"The party of [Abraham] Lincoln and Frederick Douglass is here to compete," Republican National Committee (RNC) Chairman Ken Mehlman announced Thursday night at Howard University, one of the nation's most prestigious historically black colleges.
The scene: a small hall in a little-used campus building, far from the hustle and bustle of the student center.
The action: part of an ongoing series of "Conversations with the Community" launched during Black History Month that has led the RNC to hold forums with minority voters in Florida, New Jersey, and Maryland as part of a new effort to improve the Republican Party's standing with critical Democratic constituencies. "This is a long-term investment," said RNC spokesman Danny Diaz.
The target audience: five television cameras and more than a dozen reporters recorded Mehlman's words. ABC's The Note has characterized media coverage of Mehlman's outreach efforts thus far as positive and "respectful."
The message: "Give us a chance and we'll give you a choice." Mehlman sprinkled the phrase throughout his speech.
But judging from the non-media audience at the forum, the party has its work cut out for it to get younger African Americans to give it a chance.
Sure, Betsy Werronen, former chair of the D.C. Republican Party, and Margaret Pickering, from Ward 3 in far northwestern D.C., showed up at Howard in their neat, well-to-do suits. Deborah Thomas, former chair of the Prince George's Community College Republicans, and Damien Clifton, a volunteer at RNC headquarters, trekked over to the campus for the evening. So did Grant Collins III, the chief of staff in the Office of Family Assistance at the Department of Health and Human Services (HHS), and HHS policy specialist Rehana Mwarimu. Even Andrea Johnson, an engineer from the American Petroleum Institute, the trade association and lobbying group for the oil and gas industry, managed to make it over to Howard, where she stood in the back of the audience for Mehlman' speech, her long blonde hair cascading down her shoulders.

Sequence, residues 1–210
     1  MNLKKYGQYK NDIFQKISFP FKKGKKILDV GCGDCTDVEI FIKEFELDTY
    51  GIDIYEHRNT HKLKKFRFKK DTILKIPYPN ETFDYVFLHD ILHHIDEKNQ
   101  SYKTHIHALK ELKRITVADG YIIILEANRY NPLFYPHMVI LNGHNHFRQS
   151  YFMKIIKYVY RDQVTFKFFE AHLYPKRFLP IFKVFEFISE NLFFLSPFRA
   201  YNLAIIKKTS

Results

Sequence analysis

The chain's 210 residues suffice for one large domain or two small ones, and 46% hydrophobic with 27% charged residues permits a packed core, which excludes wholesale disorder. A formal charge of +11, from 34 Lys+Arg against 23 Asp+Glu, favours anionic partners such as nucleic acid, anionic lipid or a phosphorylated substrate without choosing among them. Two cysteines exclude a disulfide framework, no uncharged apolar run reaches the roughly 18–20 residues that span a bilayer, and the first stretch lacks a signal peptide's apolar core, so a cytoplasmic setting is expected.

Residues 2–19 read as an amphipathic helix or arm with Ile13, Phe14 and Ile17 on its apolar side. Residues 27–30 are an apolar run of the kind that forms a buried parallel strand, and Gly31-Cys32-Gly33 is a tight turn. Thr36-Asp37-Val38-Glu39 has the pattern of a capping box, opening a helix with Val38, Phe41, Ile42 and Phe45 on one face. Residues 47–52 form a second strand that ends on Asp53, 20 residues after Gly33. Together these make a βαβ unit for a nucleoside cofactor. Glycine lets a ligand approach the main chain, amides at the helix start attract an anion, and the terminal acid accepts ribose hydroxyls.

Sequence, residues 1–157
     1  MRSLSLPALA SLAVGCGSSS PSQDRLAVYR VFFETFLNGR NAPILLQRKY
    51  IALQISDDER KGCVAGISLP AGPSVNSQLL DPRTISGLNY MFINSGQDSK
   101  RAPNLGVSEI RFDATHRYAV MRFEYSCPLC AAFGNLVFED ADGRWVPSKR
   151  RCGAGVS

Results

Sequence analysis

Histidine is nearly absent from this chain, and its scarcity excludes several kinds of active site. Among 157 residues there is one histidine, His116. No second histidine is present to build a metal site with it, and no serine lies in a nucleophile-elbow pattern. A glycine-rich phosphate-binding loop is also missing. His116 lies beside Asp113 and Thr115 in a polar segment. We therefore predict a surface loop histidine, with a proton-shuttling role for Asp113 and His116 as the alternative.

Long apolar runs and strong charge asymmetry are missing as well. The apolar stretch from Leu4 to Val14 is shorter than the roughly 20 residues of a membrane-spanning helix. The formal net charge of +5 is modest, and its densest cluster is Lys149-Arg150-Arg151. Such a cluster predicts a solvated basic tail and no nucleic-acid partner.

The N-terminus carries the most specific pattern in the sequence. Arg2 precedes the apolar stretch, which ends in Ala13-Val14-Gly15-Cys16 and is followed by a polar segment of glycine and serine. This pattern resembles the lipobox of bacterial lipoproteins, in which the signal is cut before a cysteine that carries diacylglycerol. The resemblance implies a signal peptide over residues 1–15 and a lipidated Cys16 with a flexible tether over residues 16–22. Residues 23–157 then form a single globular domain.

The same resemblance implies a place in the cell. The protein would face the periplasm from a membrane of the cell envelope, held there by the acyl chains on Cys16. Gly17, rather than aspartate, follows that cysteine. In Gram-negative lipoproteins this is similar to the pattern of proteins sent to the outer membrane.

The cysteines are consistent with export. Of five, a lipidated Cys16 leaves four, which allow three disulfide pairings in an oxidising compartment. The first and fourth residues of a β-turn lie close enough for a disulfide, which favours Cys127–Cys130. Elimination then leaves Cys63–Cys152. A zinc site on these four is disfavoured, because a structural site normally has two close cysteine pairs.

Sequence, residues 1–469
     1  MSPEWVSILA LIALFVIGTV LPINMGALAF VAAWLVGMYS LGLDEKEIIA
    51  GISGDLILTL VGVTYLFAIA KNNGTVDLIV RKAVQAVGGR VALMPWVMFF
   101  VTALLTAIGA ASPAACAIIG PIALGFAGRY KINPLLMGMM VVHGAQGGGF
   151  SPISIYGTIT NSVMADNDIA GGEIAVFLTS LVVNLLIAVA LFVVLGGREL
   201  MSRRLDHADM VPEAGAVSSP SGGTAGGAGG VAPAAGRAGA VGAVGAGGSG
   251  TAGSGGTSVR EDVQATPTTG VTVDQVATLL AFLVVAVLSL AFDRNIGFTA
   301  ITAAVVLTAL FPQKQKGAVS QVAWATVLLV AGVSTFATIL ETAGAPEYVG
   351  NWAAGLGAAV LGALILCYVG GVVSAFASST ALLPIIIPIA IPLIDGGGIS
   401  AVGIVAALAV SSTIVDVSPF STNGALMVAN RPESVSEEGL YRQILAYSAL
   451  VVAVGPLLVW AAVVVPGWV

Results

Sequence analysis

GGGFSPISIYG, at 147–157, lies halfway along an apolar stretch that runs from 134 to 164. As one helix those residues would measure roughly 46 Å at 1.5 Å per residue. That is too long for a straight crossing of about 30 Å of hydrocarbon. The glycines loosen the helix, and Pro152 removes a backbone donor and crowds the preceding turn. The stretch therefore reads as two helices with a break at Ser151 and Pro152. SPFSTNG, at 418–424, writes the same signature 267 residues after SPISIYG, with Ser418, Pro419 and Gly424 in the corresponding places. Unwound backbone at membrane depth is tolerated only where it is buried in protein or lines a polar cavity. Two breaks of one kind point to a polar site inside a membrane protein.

But of the 50 people seated in the small forum hall, fewer than five, in addition to the half dozen College Republican organizers of the forum, were Howard University students, said third-year broadcast-journalism major Ray Baker, 20, a Democrat who attended the forum with a friend. "It was overwhelmingly Republican adults," said Baker. A scan of the room confirmed the vast majority of audience members to be well beyond college age, and 14 of these seated adults were, like Werronen, white.
If Howard University students voted with their feet and chose not to hear Mehlman speak, it wasn't for lack of trying by the College Republican sponsors of the forum, who posted 75 fliers around Howard's campus, including inside the political-science department, and sent e-mailed invitations to five different student groups. "There were a couple of students in there," said Adam Hunter, 21, chairman of Howard's College Republicans, defending the attendance.
An RNC press release on the forum, distributed before Mehlman spoke, stated: "Chairman Mehlman … engaged students in a Q & A."
Some undergrads who wanted to do just that, however, found their reception less than welcoming. When Erick Watson, a 25-year-old part-time student, declined to submit a written question at the door before hearing the speech, he says he and his friend Jason Ravin, a 23-year-old senior, were refused entry by RNC Outreach Communications Director Tara Wall and RNC African-American Coalition Director Deana Bass. "They had the security escort me out of the building," Watson said. "They said I might raise my hand."
Individuals trying to attend President Bush's Social Security "town halls" in Denver and Fargo, North Dakota, have also accused Republicans of blocking them from attending events. The Secret Service has launched an investigation of the Denver residents' claims.